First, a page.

Day 1: Arrived at NRT at 7 pm. I had booked a private transport so we wouldn't have to figure out the train system. The driver was not waiting for us and after 2 phone calls and 20+ minutes of waiting, I canceled it and just paid for a taxi (which is ridiculously expensive and should probably be avoided--$330 US to go to Shinjuku).

    Day 2: Most restaurants don't open until 11 am. We bought a ton of food from the konbini (aka convenience stores like 7-11 and Lawson's). We loved their egg salad sandwiches (creamy egg salad on soft crust-less white bread), fried chicken cutlets from Lawson's (DH got a batch hot out of the fryer and they are far better than any American fast food chain like Popeye's, KFC, etc), sushi bento boxes (we got hand rolls, inari, and nigiri that rival our typical suburban American sushi restaurants!), etc. After 11 am, we took the metro to go to Takashimaya Department Store to check out their basement food hall. Tons of great options and we ended up eating lunch consisting of nigiri sushi, tonkatsu bento box, and desserts. Dinner for my birthday was at Yoriniku, a nicer yakiniku (Japanese BBQ meats) restaurant. We made a reservation through JPNEZY (a website that charges about $8 US for a reservation for 4 guests).

    Day 3: Same breakfast from konbini. Had an 11 am street food tour on Sunamachi shopping street with Kanako from an AirBnB experience. We're very food-motivated so this was a fun way to explore an older part of Tokyo (felt like all locals were there as we didn't see any obvious Westerners/tourists) and eat some great food (incredibly delicious udon, 3 choices from a Japanese "deli" which were fried tofu stuffed with pork, bamboo shoots and vegetables, and soy sauce potatoes, scallop and sea bream sashimi (plus the chef sent the girls free amoebi sweet shrimp), taiyaki (fresh fish-shaped waffles stuffed with red bean, custard, or sweet potato--surprisingly, sweet potato was the best!), unagi skewers, a spicy fish paste, bean sprouts, leek, and carrot pancake (which Kanako said is one of her favorites), and tempura pickled ginger slices (another one of Kanako's favorites). Dinner was at a small ramen shop around the corner from apartment, Menyayuusaku.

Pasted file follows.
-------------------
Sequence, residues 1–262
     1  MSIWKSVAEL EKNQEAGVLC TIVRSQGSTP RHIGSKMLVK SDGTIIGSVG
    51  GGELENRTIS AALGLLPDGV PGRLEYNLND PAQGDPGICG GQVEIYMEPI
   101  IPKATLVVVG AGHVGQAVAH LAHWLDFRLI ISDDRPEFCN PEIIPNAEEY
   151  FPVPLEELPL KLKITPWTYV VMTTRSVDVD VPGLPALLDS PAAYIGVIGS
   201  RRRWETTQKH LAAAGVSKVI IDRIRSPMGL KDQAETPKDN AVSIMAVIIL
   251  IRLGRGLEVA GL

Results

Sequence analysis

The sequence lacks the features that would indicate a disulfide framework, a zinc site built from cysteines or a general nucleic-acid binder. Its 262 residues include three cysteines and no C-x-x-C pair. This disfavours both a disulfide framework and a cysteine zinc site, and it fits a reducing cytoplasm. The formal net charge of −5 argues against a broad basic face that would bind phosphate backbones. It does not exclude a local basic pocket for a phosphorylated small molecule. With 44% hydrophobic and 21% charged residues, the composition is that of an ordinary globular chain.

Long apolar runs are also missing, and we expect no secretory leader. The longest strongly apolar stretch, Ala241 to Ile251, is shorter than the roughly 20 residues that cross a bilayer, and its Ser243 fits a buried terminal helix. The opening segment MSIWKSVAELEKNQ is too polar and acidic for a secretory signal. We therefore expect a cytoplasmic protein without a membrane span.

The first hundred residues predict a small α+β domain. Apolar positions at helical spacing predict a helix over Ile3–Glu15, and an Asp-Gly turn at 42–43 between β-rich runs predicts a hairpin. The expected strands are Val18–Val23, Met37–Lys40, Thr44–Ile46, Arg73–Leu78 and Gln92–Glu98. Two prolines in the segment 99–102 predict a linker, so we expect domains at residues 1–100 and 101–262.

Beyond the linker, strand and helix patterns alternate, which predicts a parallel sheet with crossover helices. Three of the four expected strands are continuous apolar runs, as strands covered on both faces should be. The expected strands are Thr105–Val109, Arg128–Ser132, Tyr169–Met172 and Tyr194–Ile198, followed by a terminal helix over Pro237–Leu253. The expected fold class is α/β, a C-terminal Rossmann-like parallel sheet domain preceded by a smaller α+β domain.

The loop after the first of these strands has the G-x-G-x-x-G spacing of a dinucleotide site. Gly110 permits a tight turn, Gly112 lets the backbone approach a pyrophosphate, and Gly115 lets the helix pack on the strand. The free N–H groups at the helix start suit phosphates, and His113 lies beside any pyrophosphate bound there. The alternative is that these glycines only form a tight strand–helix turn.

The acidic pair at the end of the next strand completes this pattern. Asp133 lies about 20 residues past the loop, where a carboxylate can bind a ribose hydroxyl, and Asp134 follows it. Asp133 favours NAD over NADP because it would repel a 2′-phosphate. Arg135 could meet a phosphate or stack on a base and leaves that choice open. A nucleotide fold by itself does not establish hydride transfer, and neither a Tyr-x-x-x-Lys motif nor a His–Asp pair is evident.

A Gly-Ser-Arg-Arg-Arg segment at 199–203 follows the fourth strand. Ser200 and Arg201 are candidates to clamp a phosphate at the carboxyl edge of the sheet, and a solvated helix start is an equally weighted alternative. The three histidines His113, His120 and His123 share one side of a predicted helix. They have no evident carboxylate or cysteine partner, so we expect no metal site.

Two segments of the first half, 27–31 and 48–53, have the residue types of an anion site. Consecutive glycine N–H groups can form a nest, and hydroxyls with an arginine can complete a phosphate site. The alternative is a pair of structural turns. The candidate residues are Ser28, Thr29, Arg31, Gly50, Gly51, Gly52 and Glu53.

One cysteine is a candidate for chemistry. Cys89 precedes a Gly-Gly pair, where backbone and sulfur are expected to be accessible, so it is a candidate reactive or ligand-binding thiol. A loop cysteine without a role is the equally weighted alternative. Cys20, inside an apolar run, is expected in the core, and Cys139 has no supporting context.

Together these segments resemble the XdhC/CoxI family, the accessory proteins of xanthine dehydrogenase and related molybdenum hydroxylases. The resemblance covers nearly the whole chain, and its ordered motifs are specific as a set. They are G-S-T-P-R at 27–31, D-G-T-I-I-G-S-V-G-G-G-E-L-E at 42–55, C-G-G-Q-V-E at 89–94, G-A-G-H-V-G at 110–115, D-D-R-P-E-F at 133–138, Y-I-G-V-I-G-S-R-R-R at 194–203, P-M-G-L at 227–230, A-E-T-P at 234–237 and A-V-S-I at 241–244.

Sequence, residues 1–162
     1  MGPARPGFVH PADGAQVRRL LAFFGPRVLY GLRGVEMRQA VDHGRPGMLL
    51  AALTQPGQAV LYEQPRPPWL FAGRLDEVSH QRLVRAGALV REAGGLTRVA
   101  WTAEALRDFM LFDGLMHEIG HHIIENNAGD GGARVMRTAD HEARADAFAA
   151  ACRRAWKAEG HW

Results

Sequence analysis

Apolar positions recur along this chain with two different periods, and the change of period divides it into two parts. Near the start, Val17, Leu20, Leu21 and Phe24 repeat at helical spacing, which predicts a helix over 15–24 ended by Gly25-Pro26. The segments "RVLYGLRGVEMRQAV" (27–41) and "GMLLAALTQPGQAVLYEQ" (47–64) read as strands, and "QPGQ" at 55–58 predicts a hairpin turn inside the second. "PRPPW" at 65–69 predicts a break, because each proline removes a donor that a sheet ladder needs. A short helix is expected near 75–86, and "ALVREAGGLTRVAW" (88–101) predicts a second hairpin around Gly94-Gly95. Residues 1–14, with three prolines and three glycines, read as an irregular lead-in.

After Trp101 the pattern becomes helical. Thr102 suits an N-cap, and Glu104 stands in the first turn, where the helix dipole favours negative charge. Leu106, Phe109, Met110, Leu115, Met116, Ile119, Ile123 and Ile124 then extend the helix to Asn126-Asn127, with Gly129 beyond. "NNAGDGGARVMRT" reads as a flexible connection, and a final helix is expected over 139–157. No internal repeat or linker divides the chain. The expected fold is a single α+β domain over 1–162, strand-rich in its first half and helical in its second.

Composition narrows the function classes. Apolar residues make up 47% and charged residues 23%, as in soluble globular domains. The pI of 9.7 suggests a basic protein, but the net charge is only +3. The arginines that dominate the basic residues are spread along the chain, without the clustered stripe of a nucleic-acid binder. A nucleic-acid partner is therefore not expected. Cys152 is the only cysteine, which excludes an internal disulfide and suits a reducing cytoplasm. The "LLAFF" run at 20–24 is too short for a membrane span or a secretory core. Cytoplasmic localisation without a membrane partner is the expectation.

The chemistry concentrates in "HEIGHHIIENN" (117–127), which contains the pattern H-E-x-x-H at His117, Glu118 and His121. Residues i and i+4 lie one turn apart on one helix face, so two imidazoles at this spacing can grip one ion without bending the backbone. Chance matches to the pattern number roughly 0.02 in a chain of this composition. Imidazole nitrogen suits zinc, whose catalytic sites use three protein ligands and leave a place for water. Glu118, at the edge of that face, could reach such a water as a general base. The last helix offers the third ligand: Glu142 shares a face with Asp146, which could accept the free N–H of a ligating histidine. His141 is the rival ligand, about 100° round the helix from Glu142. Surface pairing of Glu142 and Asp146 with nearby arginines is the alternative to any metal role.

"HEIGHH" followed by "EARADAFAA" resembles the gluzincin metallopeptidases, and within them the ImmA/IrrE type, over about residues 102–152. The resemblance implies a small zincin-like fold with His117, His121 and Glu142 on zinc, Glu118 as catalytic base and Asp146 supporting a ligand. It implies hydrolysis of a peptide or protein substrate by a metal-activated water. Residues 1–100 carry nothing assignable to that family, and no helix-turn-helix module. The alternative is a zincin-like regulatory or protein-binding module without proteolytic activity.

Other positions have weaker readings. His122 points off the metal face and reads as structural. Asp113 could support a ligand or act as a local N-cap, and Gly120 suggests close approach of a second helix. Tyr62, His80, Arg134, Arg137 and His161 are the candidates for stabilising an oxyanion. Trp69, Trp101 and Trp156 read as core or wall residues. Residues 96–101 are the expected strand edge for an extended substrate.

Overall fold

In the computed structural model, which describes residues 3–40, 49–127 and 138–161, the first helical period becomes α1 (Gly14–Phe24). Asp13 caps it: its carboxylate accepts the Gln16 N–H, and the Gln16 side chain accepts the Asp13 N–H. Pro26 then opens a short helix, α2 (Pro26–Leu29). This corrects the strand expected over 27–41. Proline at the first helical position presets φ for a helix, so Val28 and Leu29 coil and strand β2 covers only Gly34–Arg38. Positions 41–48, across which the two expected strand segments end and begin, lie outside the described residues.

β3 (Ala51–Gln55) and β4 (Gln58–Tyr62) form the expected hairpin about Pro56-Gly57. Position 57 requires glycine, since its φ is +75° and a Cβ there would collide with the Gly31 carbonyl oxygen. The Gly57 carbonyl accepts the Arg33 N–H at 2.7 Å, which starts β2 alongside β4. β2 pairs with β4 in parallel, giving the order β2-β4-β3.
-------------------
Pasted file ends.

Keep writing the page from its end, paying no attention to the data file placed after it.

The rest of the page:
Day 4: We did a morning family photo shoot in Shibuya Crossing with a Flytographer photographer and then went to enjoy the Japanese mineral baths (aka onsen), SAYA-NO-YUDOKORO. They offered a stunning kaiseki lunch (multiple courses including shabu shabu, sushi, artfully arranged vegetables, homemade soba noodles, etc.). Dinner was Udon Shin in Shinjuku (awesome handmade udon, no reservations so we went at 4:30 pm to avoid the 1-2 hour wait and only had a 15 minute wait!).

    Day 5: DH and I did an upscale sushi lunch at Sukibayashi Jiro Roppongi Hills (had to make the reservation on Voyagin, which charges $70/person just for the reservation). Girls stayed in the AirBnB and ate konbini food. Then I took the girls to do a Kimono rental with Kahori in Harajuku by Take****a Dori. See her Facebook page https://www.facebook.com/sakaeya2daime/. It's a small shop only open by appointments and Kahori's family has been in the kimono business for decades. It's not the typical tourist option as you can tell kimonos are a passion for her. She also did a lovely tea ceremony for us. Afterward, we ate a bunch of street food (including the GIANT rainbow colored cotton candy that Instagrammers love on Take****a Dori, plus crepes, soft cream, and candy). Dinner was split up since my youngest DD has a fish allergy. I took our eldest to eat at a kaiten zushi place (conveyer belt), Himawari Sushi Shintoshin, while DH took DD2 to eat at Coco Curry to get a curry chicken rice bowl.

    Day 6: DH and I did another high-end sushi lunch at Sushi Masuda (again, $70/person to book the reservation on Voyagin). This was the best meal of our life and truly incredible. It's a tiny 6 seat sushi counter and just stunning sushi quality and precision. The girls walked themselves to the Coco Curry House since DD2 wanted to eat it again and DD1 hadn't tried it. After lunch, we got the girls and went shopping at Oriental Bazaar in Harujuku. We bought a ton of souvenirs (scarves for grandmas, sakura tree seeds, Godzilla boxer briefs, coin purses for friends, Tokyo t-shirt, chopsticks, bowls, and a set of wind chimes). They have really nice quality products for reasonable prices. Dinner was at Shinjuku Tsunahachi Tempura, made via JPNEZY for $8 US flat rate for 4 people. We aren't big tempura fans, but everyone raves about this place. It was good but not mind-blowing and DH felt it was still a bit too much fried food.